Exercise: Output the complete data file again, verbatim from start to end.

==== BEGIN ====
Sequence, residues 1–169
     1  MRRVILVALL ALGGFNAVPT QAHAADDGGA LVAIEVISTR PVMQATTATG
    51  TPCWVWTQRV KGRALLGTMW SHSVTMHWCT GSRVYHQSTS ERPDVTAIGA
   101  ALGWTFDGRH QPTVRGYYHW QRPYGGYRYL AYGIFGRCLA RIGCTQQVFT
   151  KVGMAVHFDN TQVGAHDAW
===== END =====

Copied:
Sequence, residues 1–169
     1  MRRVILVALL ALGGFNAVPT QAHAADDGGA LVAIEVISTR PVMQATTATG
    51  TPCWVWTQRV KGRALLGTMW SHSVTMHWCT GSRVYHQSTS ERPDVTAIGA
   101  ALGWTFDGRH QPTVRGYYHW QRPYGGYRYL AYGIFGRCLA RIGCTQQVFT
   151  KVGMAVHFDN TQVGAHDAW